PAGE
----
migration from ADAU1701 to ADAU1450

We have a product based on the ADAU1701 and a microcontroller.   The microcontroller uses SPI to load the DSP program and update parameters on the fly using hardware safeload writes.

We are considering migrating to the ADAU1450, and we are wondering what the impact of the migration is for our base of microcontroller firmware and SigmaDSP programs.  I understand that the ADAU1450 has different I/O requireing some code changes.   However, I have read here in the forum that SigmaDSP programs may need to be rewritten because of differences in SigmaStudio processing blocks, and that some SigmaDSP processors have software safeload write mechanism while the ADAU1701 has hardware safeload write.

Can anyone weigh in on whether our SigmaDSP code can be reused, if our microcontroller code (program load and parameter control) needs to change?   Are there any other software impacts that need to be considered?

Thanks,

John

  • 0
    •  Analog Employees 
    on May 20, 2016 11:47 PM

    Hello John,

    The short answer is that all has to change. The underlying code in the SigmaStudio cells are all optimized for the particular environment it is running in. So the code in the cell for a 1701 is different than the code in a cell for the 1450/1/2 processor.

    The safeload routines are in software in the 1450/1/2 so your MCU code will have to know where it is located after the code is compiled. Plus, the memory map is very different so you are going to have to recompile your MCU code.

    Regarding your schematic. It is not possible to copy and paste in cells from one schematic/processor to another so you will have to recreate your schematic using the new cells.

    Now depending on your application you may be able to do a lot more with the new 1450 DSP. This may sway you to take the hit of all the changes migrating will cause.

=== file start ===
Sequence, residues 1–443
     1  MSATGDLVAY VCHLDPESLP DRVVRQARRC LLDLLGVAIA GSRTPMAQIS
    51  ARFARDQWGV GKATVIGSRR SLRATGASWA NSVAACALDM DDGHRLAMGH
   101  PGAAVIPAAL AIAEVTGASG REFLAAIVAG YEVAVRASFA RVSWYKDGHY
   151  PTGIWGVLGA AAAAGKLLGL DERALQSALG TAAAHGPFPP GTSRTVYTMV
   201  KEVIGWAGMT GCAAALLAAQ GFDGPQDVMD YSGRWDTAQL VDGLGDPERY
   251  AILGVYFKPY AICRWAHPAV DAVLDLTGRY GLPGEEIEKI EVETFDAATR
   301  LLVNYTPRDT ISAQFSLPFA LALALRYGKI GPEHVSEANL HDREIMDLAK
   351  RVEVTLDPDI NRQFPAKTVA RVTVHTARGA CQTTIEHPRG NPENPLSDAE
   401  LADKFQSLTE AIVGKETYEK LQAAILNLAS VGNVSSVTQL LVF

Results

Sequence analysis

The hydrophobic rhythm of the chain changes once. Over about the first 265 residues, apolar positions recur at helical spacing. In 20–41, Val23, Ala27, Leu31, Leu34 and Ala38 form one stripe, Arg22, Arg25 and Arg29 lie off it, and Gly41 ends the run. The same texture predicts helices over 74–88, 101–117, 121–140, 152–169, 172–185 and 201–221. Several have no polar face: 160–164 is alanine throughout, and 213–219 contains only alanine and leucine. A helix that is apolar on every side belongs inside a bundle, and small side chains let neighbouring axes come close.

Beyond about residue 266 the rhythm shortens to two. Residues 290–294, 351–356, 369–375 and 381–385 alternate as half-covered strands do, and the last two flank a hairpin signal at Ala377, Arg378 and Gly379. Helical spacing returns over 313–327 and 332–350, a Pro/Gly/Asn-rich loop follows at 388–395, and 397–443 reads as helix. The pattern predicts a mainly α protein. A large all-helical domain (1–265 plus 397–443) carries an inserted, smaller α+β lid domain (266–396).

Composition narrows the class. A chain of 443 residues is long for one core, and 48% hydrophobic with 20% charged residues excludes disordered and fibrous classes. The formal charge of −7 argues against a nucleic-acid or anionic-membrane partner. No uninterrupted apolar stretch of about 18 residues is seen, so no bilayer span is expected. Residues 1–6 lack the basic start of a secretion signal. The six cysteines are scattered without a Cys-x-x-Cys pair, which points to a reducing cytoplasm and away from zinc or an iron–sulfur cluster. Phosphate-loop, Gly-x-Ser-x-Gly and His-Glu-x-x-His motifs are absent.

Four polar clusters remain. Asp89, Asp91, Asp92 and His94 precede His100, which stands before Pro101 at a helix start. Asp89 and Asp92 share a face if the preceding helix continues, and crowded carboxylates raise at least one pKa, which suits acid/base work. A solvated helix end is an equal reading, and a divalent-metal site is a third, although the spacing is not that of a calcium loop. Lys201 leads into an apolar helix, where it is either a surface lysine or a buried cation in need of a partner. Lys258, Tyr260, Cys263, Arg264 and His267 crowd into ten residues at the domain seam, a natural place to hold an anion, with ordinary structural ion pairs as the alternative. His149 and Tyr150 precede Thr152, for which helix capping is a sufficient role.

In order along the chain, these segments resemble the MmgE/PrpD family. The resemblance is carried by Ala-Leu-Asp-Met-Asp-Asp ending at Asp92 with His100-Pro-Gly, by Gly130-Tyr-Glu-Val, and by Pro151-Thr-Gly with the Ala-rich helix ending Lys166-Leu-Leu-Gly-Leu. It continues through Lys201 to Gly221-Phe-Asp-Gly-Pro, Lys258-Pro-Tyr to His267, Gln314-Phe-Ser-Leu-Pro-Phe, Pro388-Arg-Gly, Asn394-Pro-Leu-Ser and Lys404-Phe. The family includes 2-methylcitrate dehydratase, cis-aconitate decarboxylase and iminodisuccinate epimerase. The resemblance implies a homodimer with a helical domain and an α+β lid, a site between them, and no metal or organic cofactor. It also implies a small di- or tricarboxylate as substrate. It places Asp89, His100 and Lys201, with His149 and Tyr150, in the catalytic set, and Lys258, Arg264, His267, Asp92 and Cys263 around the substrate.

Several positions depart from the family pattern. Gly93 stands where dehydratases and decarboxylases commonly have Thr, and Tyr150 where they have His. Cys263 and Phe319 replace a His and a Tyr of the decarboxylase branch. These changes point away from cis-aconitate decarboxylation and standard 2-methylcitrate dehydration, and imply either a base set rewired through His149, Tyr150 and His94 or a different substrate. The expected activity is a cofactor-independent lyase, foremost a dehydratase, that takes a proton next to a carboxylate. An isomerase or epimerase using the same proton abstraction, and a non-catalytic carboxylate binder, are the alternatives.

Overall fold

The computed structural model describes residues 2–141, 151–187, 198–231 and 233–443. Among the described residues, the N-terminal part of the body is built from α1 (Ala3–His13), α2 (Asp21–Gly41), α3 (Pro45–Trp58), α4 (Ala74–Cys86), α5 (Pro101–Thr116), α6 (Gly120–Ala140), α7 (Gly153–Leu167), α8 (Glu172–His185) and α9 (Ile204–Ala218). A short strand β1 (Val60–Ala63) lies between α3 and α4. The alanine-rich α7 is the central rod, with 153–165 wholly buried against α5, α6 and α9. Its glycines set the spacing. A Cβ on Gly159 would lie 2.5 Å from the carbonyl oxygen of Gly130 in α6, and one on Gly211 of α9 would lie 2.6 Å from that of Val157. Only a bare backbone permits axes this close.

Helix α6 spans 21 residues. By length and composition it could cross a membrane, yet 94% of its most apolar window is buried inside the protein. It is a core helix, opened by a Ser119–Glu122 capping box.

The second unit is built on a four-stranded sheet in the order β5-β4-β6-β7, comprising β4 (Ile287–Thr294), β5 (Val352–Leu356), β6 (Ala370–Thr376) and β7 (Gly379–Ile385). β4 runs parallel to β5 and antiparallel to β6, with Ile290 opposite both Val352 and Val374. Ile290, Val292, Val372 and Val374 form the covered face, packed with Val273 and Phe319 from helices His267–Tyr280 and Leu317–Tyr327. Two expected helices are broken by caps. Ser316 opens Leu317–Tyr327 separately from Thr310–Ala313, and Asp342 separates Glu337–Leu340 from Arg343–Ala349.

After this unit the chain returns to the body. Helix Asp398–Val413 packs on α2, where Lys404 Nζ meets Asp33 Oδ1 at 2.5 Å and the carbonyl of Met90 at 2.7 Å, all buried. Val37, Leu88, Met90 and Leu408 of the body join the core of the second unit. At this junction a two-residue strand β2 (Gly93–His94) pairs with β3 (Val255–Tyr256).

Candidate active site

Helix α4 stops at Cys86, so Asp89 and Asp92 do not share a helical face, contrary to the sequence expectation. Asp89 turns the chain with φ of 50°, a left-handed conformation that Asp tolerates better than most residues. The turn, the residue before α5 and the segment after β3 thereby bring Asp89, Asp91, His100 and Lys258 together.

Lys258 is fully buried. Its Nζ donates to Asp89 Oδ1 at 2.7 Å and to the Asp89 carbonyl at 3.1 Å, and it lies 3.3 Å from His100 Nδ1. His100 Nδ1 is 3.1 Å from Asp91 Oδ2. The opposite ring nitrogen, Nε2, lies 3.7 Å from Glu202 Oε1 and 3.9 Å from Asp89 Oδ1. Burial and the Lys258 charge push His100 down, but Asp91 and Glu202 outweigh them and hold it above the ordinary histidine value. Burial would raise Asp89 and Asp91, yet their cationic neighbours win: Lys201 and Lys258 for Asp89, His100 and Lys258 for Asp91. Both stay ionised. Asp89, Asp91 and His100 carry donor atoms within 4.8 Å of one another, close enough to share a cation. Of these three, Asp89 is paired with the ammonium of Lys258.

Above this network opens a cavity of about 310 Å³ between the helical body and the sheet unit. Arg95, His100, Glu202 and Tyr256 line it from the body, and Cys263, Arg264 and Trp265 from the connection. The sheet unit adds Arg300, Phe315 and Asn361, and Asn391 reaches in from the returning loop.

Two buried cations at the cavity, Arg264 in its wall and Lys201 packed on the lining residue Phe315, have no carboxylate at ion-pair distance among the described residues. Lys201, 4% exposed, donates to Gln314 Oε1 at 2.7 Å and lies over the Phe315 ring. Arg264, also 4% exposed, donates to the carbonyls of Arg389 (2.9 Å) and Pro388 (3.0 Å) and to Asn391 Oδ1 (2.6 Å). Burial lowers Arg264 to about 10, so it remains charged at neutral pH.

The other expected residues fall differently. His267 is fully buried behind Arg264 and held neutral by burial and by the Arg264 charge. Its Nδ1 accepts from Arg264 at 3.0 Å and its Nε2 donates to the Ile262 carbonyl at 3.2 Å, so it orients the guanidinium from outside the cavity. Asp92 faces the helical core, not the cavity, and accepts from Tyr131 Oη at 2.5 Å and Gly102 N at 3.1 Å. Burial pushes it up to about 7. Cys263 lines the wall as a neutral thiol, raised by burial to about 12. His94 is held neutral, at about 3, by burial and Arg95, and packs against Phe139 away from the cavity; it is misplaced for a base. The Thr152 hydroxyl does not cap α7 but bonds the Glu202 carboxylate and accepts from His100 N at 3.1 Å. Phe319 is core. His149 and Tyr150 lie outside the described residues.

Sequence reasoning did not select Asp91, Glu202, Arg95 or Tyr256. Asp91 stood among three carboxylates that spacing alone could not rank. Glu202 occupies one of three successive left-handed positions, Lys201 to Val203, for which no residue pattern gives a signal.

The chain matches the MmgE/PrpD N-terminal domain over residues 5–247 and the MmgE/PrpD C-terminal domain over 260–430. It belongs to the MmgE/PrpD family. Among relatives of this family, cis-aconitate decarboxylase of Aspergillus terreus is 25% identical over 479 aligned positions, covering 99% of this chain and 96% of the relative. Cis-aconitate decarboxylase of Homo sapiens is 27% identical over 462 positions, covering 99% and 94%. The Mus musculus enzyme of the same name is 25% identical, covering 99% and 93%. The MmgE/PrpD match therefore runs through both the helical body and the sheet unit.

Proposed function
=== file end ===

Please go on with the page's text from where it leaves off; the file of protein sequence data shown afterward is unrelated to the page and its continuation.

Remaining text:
There are many enhancements made to the 1450/1/2 core that will make your same "program" run much faster even if the core speeds were to be the same but it is faster in the 1450/1/2. So you will see an improvement in the amount of code you can run. Now the 1701 is very popular so it will continue to be produced for some time into the future. So what is prompting you to consider making a change? What is the limitation?

    Dave T

  • Dave, thanks for your reply which will be helpful as our team  weighs the advantages of the new architecture against the schematic rewrite.

    Regarding our uC firmware, I built a quick ADAU1450 schematic and looked at the exported system files needed for the uC download. I found a DSP Ram data section in addition to Parameter/Program Data found on ADAU1701, and the registers and parameters for the SIGMA_WRITE_REGISTER_BLOCK() function are different. However, it may only be necessary to rewrite this function to download using our uC, so this is probably straightforward.

    Our firmware also uses the DSP Readback cell to get data from the DSP to the host.   I did a search in the ADAU1450 data sheet for the data capture/readback registers (that we now use in the ADAU1701) to do a readback of a value, but I did not find anything resembling them.  Could you briefly point me to how this is done in the ADAU1450?

     

  • 0
    •  Analog Employees 
    on May 23, 2016 11:29 PM

    Hello wygonski,

    Have a look at this screenshot: (sorry, it is a bit large but there is a lot of info on it.)

    YOu see I setup a DC cell and a readback cell. I also have a few other cells that are not shown.

    This is the listing of the parameter memory and you can see the address of the readback cell is decimal 30 and the DC cell is 31.  by the way, you can also see where the safeload area was placed. 20 - 26. The compiler may place this in different locations so you need to check where it is for our program.

    So the readback can be read at location 30. This is 1E in hex.

    Then have a look at this screenshot where I captured the data transmission when I clicked on "Read".

    Here you see the read request and the read result. So you can place these DSPreadback cells anywhere in your program and they will be compiled into the memory map somewhere. You can find them in the system files output or you can look at the project like I did.

    Keep in mind that you can reduce the "clutter" in your system file output by excluding cells that you do not need to address when the program is running. You select the cell, right click and select "Exclude from Export Files". Then all these extra controls will not be reported in the exported header files.

    Dave T.